www.nametagscott.com

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The bigger the talent, the less bullshit they bring to the table

Managing other people’s perceptions of us can be a full time job. 

If there were an application posted on a career website, the headline would read:

Seeking a codependent narcissistic workaholic to dive deep into the ego vortex of excessive impression management. Low pay. Burnout likely. Zero prior experience necessary. 

Funny thing is, we justify our obsession with people’s perception of us in the name of managing our golden reputation. Protecting our precious personal brand. 

Until we finally reach the age of reason, realizing that, like most things in life, reputation is not actually something we have control over. It never was. Because it’s not even real. It’s just a story people sell themselves about who they think we are, based on their own projections, triggers and insecurities. 

The kicker is, the moment we do something that people don’t like, the moment we commit the crime of being human, our reputation changes faster than a pregnant woman’s mood swings. 

And we will never understand how. Therefore, why should we be invested in another person’s chemical reaction to us? What they think about us is none of our business.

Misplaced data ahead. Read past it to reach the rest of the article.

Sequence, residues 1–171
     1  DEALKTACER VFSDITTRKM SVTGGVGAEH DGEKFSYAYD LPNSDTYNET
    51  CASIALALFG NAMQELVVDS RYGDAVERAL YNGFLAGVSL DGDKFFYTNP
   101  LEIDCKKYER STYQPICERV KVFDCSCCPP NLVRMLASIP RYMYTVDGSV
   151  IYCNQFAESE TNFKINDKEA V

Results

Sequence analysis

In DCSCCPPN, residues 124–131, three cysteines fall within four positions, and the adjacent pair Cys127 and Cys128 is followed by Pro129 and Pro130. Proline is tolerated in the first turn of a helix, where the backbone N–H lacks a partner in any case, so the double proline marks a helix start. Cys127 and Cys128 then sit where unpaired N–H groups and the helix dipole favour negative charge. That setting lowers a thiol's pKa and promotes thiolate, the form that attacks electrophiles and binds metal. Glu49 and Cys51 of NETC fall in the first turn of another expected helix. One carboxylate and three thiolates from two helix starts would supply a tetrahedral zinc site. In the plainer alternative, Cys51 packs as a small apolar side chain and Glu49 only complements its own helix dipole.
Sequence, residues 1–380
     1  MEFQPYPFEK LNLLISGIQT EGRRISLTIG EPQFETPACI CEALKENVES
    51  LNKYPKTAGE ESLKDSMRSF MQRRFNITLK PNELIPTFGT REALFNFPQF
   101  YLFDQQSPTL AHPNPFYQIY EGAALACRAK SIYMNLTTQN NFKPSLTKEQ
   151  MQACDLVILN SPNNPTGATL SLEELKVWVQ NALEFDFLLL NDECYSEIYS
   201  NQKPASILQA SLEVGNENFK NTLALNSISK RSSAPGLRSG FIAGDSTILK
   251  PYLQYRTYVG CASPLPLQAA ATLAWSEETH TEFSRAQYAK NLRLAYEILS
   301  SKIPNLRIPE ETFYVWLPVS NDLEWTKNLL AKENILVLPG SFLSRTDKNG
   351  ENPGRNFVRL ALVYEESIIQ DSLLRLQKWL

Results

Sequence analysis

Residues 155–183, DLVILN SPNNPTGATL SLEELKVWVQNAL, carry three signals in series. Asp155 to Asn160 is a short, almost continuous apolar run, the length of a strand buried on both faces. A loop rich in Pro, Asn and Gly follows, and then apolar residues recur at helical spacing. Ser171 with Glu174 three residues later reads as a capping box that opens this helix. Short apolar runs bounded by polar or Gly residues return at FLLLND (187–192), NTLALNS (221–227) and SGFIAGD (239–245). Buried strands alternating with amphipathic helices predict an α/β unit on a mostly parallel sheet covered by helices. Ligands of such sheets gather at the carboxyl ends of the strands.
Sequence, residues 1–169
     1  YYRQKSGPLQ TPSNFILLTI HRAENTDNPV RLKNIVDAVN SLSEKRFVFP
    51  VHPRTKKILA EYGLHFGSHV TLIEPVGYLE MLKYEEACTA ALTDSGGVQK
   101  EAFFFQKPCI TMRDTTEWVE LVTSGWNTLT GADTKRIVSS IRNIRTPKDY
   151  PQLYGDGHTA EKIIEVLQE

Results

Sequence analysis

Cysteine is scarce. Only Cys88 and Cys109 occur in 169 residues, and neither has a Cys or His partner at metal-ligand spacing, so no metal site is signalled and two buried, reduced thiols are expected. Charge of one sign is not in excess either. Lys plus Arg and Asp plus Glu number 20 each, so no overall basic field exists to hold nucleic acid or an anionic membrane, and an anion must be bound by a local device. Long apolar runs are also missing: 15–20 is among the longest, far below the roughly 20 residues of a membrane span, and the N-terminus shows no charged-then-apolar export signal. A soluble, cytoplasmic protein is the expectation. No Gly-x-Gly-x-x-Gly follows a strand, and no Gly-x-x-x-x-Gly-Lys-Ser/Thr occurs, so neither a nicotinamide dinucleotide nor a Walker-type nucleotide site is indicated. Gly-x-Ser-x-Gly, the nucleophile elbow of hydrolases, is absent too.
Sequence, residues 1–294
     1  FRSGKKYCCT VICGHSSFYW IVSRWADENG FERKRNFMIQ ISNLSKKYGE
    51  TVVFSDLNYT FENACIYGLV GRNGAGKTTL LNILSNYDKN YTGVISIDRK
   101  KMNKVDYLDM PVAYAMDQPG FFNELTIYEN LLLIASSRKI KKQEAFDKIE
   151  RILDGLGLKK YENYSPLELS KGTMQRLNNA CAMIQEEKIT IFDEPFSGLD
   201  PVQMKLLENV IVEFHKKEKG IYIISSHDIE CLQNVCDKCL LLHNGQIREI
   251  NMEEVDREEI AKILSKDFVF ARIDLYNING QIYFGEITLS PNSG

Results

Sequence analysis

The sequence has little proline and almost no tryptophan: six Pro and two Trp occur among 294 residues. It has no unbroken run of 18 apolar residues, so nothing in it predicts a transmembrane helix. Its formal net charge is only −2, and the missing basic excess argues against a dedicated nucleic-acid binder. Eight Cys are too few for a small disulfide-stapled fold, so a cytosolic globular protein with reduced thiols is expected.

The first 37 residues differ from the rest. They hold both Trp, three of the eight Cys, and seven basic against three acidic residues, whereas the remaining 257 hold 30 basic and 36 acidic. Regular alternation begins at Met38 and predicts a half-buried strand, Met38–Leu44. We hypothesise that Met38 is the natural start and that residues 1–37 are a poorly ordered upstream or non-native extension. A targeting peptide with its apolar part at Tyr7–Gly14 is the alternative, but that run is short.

Talent, on the other hand, is our business. It’s the one thing in this world that does belong to us. The one thing we actually have control over. And because each of us is born with a talent, a special gift that is unique and necessary to the whole of humanity, we have a sense of responsibility to use it, not bury it. 

Don’t waste your time trying to manage people’s impression of you. 

Let go of trying to control what you never had control over in the first place, and you will free up your energy to show the world what you’ve come here to contribute. 

LET ME ASK YA THIS…

How are we going to keep you and your talent from dying today?



* * * *

Scott Ginsberg

That Guy with the Nametag

Author. Speaker. Strategist. Inventor. Filmmaker. Publisher. Songwriter.  

scott@hellomynameisscott.com

www.nametagscott.com

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Looks great except change everything

Explicit and direct communication not only alleviates potential frustration and misunderstanding, but it also saves organizations massive amounts of time. 

The problem is, we’re too busy empowering each other. We’re too focused on tap dancing around the issues to spare people’s feelings. 

It reminds me of a review from an employee who was working at a healthcare organization. Her advice to management was as follows. 



Stop with the meetings. All you do is talk, talk, talk. Just tell employees what you want. You don’t actually care what we have to say, so let’s just get on with the work. 

It’s cynical and disengaged, but this employee makes a good point. 

Why do we always have to bullshit each other? Can’t we just be clear and upfront with our expectations and needs?